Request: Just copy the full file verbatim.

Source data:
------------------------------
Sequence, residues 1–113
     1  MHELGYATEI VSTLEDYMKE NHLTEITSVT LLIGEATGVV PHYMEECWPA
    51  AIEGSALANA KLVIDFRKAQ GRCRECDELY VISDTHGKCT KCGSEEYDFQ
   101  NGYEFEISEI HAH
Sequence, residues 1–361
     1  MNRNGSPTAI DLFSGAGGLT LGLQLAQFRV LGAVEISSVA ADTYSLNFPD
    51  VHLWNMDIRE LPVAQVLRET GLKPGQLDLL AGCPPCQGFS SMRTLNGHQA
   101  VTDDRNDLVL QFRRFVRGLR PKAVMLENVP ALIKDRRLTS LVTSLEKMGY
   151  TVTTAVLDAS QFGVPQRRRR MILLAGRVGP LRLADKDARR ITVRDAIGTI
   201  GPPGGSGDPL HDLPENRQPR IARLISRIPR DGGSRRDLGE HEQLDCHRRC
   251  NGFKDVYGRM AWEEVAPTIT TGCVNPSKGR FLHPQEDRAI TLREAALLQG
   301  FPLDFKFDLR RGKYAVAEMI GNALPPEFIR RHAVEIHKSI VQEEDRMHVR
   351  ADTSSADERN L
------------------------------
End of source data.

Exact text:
Sequence, residues 1–113
     1  MHELGYATEI VSTLEDYMKE NHLTEITSVT LLIGEATGVV PHYMEECWPA
    51  AIEGSALANA KLVIDFRKAQ GRCRECDELY VISDTHGKCT KCGSEEYDFQ
   101  NGYEFEISEI HAH
Sequence, residues 1–361
     1  MNRNGSPTAI DLFSGAGGLT LGLQLAQFRV LGAVEISSVA ADTYSLNFPD
    51  VHLWNMDIRE LPVAQVLRET GLKPGQLDLL AGCPPCQGFS SMRTLNGHQA
   101  VTDDRNDLVL QFRRFVRGLR PKAVMLENVP ALIKDRRLTS LVTSLEKMGY
   151  TVTTAVLDAS QFGVPQRRRR MILLAGRVGP LRLADKDARR ITVRDAIGTI
   201  GPPGGSGDPL HDLPENRQPR IARLISRIPR DGGSRRDLGE HEQLDCHRRC
   251  NGFKDVYGRM AWEEVAPTIT TGCVNPSKGR FLHPQEDRAI TLREAALLQG
   301  FPLDFKFDLR RGKYAVAEMI GNALPPEFIR RHAVEIHKSI VQEEDRMHVR
   351  ADTSSADERN L